Our school counseling core curriculum results report enables us to demonstrate program effectiveness while also identifying areas for program improvement. Specifically, the data from our school core curriculum results report will help us decide which lessons we should continue, adjust or discontinue and thereby help us deliver lessons more effectively. All three lessons addressed our behavior program goal.
71 second grade students participated in the “Handling Making Mistakes” lesson. This lesson taught students how to calm down after making a mistake by using positive self-talk and belly breathing. Perception data results showed gains in all five questions with the highest gain (5.8%) in question two “I can demonstrate deep belly breathing.” We believe this skill will help students to better manage their emotions before it escalates. The outcome data (for all three lessons) revealed an 11% decrease in the number of verified physical offenses in the 4th quarter.
77 fifth grade students participated in the “Handling Put-Downs” lesson. This lesson taught students to identify and learn strategies for handling put-downs. Perception data results showed gains in all six questions with the highest gain (90.6%) in question two “I can demonstrate the Calming-Down Steps.” We believe this skill will help students to manage their emotions more effectively when dealing with any type of put-downs or upsetting situations.
80 sixth grade students participated in the “Problem-Solving” lesson. This lesson was part of a two day lesson which taught students to analyze a problem, generate multiple options for solving a problem, and picking the best option. Perception data results showed gains in all five questions with the highest gain (138.4%) in question five “I know what ethical means.” Most students didn’t know what “ethical” meant prior to the lesson.
Perception data results showed gains in all three lessons (sometimes very high gains). We plan to use these lessons again due to students’ increase in understanding of the key concepts taught in the lessons. We will also review perception data results from our core curriculum results report to identify gaps in learning. Once identified, these gaps will be matched to the ASCA Mindsets and Behaviors which will serve as a basis for selecting the curriculum from which lessons will be taught. Although the perception data gains were good, next year, we are going to try and teach lessons consistently in the beginning of the week so that skills can be reinforced throughout the week. For example, some second grade classes covered their lesson weeks before others.
We noticed after comparing the process data from our action plan with our results data, there were students who were absent from each grade level when the lessons were taught. Next year, we will track attendance more closely and consider putting students in small groups to teach them the material they had missed. We will continue to monitor incoming grade level discipline referrals to see if we need to reteach skills from the lessons. Students who receive two or more referrals for physical contact will be given a Tier 2 intervention such as check in/check out or small group. We will continue to collaborate with our teachers by collecting and sharing data to determine the effectiveness of the lessons.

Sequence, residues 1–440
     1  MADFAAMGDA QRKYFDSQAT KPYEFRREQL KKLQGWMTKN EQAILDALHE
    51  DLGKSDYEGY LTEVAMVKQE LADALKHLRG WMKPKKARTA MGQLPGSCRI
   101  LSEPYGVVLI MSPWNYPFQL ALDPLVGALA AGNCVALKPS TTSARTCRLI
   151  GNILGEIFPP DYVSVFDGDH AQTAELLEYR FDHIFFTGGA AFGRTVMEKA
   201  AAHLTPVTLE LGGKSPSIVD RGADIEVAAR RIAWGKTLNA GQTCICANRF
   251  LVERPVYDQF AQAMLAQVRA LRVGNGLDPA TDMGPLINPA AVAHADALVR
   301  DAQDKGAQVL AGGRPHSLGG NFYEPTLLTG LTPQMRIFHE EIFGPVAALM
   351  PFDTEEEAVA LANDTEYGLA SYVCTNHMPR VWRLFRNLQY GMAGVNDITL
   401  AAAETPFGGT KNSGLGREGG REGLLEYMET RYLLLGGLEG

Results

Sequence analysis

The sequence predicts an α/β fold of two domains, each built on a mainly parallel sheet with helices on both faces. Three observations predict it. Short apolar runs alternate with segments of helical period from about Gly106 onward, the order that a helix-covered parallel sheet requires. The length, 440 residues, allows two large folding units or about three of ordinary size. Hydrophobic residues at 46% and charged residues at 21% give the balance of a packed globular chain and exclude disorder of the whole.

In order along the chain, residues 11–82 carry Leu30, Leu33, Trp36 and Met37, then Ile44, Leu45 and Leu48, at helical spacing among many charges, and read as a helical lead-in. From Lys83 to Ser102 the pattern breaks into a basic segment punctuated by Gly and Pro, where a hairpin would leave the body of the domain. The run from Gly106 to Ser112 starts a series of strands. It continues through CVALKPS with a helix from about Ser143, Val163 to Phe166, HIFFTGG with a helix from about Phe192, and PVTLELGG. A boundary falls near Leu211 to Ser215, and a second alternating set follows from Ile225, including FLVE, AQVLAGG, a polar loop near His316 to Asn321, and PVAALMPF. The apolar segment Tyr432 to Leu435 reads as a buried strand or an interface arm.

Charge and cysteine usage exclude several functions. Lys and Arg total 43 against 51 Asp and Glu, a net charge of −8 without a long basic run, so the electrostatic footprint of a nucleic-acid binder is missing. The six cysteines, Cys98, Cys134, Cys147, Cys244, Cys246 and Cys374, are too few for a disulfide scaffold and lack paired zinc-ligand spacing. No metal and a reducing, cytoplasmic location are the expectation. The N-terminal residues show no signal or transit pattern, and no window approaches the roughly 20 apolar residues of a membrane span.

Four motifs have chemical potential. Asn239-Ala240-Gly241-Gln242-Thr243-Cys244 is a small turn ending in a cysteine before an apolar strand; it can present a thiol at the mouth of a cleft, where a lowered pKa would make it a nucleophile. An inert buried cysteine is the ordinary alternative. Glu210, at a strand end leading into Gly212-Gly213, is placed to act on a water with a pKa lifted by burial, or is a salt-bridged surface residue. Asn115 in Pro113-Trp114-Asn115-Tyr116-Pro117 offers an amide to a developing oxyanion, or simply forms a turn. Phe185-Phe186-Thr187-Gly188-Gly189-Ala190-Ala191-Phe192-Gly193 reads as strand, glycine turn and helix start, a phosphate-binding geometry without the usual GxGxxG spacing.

The data from our core curriculum results report will also help us to collect data more accurately. To accomplish this, we will need to reword questions so that our students understand what they are being asked. Using “I know,” “I believe” and “I can” questions are sometimes confusing to our students as that is not the verbiage they use when speaking to others. There may be an element of cultural bias involved as the majority of students we serve are part Hawaiian and are not well versed in standard English. If students do not understand the pre/post survey questions we will verbally rephrase it. For example, one of the grade 2 survey questions says “After I make a mistake, I can manage my emotions.” If students ask for clarification, we will rephrase it by saying “After I make a mistake, I will not get mad.”
Although our outcome data results revealed an 11% decrease in verified physical contact instead of 15% as stated in our goal, we were pleasantly surprised to see the percentage decrease was close to what we had anticipated. We believe, in addition to the lessons being taught, the decrease can be attributed to the fact that teachers took more ownership of handling classroom situations instead of referring students immediately to the office.